We highly recommend this little place, so if you happen to be in the area, make this a destination. If you're not real hungry, get a single, they are not large at all. If you are famished or have a death wish, order the Quadzilla. Just don't forget to bring cash.

After we ate, Angel was driving and turned the wrong direction onto the street. Or so I thought. Actually there was an evil plan afoot, a conspiracy, no less. I assumed she was going to turn around, but no. She turned into the parking lot of (cue creepy 'Psycho' shower-stabby music) a shoe store!!! 
I don't mind shoe stores, if I am  looking for shoes. I wasn't, they were, both of them. There's nothing duller for an average guy than waiting while someone else shops for shoes. I walked to two other stores in the vicinity, Peebles, where I could at least see if they had a sale on shirts, they didn't, that ate up about five minutes, and Dollar General because it was nearby and they've at least got a wide variety of useless cheap crap I don't really need. They still weren't done looking at shoes. Dante sort of predicted waiting for someone to shop for shoes in his "Divine Comedy", somewhere between the first and second realm.
I have shoes. My work shoes, which I got mail-order, (my feet/shoe size have been the same since high school) my sneakers, $12  at Walmart, and a pair of twenty+ year old, steel-toed Doc Martins (six eyelet)  that I bought at a surplus/overstock store. I wear the Doc Martins when I'm doing manly stuff outside. They have a hard, heavy treaded sole, are hefty, yet comfy. That they've lasted over twenty years probably speaks to how well they were made, or maybe how seldom I actually do manly stuff outside. I also have a pair of simple black dress shoes, for interviews, funerals, etc. They are cheap, but shiny, I only wear them every other year or so.
Finally Angel and Adam finished and met me in DG. I had selected a two-pack of bubble wrap-lined shipping envelopes ($1.50)  and was eyeing a small nutcracker. 'Tis the season, right?  I got the nutcracker, paid full price ($4) which I hardly ever do. Unique ones are getting harder and harder to find at post-season sales though. I'll set up the entire collection after Thanksgiving and post a 'find the new one' photo, which has become a minor tradition.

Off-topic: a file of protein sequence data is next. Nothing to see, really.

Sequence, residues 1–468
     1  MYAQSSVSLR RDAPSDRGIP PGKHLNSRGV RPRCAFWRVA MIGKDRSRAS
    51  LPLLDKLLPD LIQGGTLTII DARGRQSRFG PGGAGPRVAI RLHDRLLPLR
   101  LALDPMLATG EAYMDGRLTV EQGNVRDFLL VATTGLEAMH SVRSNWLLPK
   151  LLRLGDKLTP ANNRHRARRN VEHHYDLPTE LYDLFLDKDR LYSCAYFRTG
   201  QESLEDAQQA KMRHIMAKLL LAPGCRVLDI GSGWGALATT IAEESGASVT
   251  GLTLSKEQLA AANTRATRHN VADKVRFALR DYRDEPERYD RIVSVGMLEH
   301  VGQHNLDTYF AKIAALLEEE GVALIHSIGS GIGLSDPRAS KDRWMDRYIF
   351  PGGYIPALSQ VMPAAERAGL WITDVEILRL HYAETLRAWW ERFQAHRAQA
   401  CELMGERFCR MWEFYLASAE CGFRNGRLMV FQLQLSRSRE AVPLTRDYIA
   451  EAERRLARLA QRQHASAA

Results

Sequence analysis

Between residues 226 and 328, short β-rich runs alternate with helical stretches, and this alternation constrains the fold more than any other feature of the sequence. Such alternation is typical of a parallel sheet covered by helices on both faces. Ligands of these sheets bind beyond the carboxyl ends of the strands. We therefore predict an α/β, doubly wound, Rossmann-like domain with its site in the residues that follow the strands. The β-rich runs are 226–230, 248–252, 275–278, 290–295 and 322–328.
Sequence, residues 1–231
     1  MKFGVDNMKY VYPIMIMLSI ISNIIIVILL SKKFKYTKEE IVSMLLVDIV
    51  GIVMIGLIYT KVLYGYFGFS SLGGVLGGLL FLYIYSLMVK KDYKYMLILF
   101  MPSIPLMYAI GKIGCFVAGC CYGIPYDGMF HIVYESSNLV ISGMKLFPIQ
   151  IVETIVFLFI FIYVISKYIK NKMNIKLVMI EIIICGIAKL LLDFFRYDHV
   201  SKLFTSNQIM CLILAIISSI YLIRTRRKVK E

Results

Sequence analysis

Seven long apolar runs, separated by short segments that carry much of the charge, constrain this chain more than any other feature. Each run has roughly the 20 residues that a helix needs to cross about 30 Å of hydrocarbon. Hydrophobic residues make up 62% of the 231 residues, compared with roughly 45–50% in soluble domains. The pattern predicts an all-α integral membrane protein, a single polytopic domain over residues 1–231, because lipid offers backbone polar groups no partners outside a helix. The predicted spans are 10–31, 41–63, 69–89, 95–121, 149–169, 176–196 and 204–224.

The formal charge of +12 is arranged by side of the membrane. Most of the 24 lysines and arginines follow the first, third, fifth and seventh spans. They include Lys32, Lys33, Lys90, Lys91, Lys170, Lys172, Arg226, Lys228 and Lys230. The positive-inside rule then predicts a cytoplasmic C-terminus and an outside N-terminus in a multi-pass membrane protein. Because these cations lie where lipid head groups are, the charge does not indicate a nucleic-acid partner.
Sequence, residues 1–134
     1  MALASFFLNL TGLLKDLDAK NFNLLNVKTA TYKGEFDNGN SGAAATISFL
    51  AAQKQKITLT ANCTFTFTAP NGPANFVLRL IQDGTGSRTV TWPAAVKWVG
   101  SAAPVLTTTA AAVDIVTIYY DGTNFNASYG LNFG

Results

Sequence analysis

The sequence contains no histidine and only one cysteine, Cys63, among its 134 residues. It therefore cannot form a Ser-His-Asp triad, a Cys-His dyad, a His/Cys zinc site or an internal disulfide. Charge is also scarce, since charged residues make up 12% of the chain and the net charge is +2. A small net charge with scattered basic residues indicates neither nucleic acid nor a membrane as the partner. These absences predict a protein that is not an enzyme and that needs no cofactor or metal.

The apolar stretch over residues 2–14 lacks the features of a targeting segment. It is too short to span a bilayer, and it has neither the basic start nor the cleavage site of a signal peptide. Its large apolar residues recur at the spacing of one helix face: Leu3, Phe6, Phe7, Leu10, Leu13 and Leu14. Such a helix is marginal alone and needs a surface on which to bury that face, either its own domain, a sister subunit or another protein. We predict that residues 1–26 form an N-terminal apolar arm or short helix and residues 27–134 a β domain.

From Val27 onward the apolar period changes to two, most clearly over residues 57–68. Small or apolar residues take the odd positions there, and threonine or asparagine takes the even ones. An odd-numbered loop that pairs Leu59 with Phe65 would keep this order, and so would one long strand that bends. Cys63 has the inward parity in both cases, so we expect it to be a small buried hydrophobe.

That shoe store thing though, please, please ladies, don't behave like my wife!  If you need shoes, go get shoes, take all the time you want, just leave me out of it!

Stop Light Drive In on Urbanspoon

Monday, October 21, 2013

Oriental Buffet

774 S. Truman Rd.
 Crystal City, Mo.

 Once Angel gets 'Chinese Food' in her head, the discussion is pretty much over. It's a craving of a strength like none other, much like the shaved ice she craved back when she was gestating. Also, it rarely gets objected to anyhow, we like us some good Chinese food, especially a buffet. We like the Oriental Buffet just fine. It's not the best in the world, or the country, the state or even the region, but it is closer than any other decent place. There is a change in the wind though, one that motivated us to go to OB as soon as possible.
A few months back Ryan's Steak House and Buffet abruptly shut its doors. A few weeks later there was an announcement that Hibachi Grill was going to build a buffet in Ryan's massive building. There are even banners out, flapping in the wind on the hill above Highway A. The old Ryan's location is less than a half mile from the Oriental Buffet.
There are a lot of  Hibachi Grills in the region, even one down in Springfield, the Queen City of the Ozarks. All Hibachi grills are pretty much exactly alike. It is not a franchise  though, it's more of a business model. Each one, though independently owned and operated, is almost identical to the others. First they are HUGE. They offer traditional Chinese buffet items, and sushi, and a Mongolian Barbecue area. The food there is pretty good and the variety is mind blowing. They are the big-box store version of the Chinese buffet.
We are a little worried about the smaller place, the OB. Will they be able to survive the new big Bertha literally in it's very shadow? I don't know. But we thought we'd go to OB now, just in case it got swallowed up.
The Chinese invented lots of things that other cultures have adopted as their own. Pasta, paper, gun powder, the wooden coffin, paper currency, the fire drill, to name a few. They did not invent the buffet.
You'll never guess who did.... go ahead, guess!
Annnnnd, you're wrong. The correct answer is 'Sweden'. The Swedish also invented ABBA. So they are plenty clever people, those pale and chilly Swedes. The word smorgasbord is Swedish in origin, and described an open table of food and adult beverages, a lot of adult beverages, popular starting in the 1600's. The rest of Europe picked up on the Swedish sensation, the smorgasbord, not ABBA, or 'side board' aka 'buffet' (a French word for the table on which the food and beverages were served)  in the 1800's as railroads started connecting all those little unimportant and snooty European countries and cities. Feeding travelers in this manner was much more efficient than seating them all, cooking for and then waiting on them individually.*